Friday, November 05, 2004

Red and Blue contributions - the Scottish factor

The current fashion of analysing the state of the US in terms of what Red and Blue states have supposedly contributed to humanity seems to me particularly futile.

The South gave us Martin Luther King, Elvis Presley and cajun food.

One of the few pieces that say something interesting about this cultural divide is this from The Scotsman -

George Bush owes it to the other America
Here in Scotland, where the mainstream view is anti-Bush, the instant reaction will be to dismiss this other America as redneck, racist, bigoted, gun-loving and ignorant. But hold a mirror to thyself: the part of America that doggedly voted Republican on Tuesday is its ethnic Scottish-Ulster heartland. These are the descendants of the lowland yeoman folk who colonised Virginia in the 17th century, then crossed the Appalachian Mountains to open up the frontier in the 18th, joined by the refugees from the Govan slums in the 19th.
It really is a good account of how the Scottish-Irish have influenced US culture and how it fits in with the Bush's politics.

It's worth considering for what it implies about New Zealand as well. Much of my family came from Scotland and there is still a strain of puritanism detectable. Also, Scottish society in some ways resembled Maori society more than it did that of England. Traditional Scottish society, which had only recently been disrupted by the English in the 1800s, had been tribal and warrior based.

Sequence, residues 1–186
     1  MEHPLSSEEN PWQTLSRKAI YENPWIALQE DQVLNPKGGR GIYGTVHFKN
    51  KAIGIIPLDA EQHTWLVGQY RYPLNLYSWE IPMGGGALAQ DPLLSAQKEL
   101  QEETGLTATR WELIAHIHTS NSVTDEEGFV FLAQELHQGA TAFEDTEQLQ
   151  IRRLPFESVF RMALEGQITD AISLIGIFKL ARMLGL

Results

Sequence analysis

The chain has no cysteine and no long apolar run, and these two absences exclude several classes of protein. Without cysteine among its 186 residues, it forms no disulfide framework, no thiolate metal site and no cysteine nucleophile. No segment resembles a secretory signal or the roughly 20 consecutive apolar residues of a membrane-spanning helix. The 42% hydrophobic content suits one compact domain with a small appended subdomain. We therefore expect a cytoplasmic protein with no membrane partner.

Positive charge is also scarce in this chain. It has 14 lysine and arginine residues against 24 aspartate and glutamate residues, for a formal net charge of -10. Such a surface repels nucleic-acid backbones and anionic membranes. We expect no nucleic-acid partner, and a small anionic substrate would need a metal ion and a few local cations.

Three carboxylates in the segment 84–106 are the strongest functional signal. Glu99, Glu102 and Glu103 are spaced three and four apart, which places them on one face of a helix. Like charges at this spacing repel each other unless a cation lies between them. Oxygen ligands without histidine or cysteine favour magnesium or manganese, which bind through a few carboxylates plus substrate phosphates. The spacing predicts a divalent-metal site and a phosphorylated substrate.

Blogger stephen said...

That "tribal and warrior" based society was that of the Gaelic highlands. The puritanical folk who peopled the US south, and provided the bulk of New Zealand's Scottish migrants, were Lowlanders (Sassenachs, if you like) whose culture much more nearly approximated that of their northern English neighbours. If you want tribal highlanders, try Novia Scotia or Newfoundland.

I gather there are or were a few pockets of Highland dominated settlement in NZ but they were vastly outnumbered by folk from the industrialised cities like Glasgow.

8 November 2004 at 9:27 AM  

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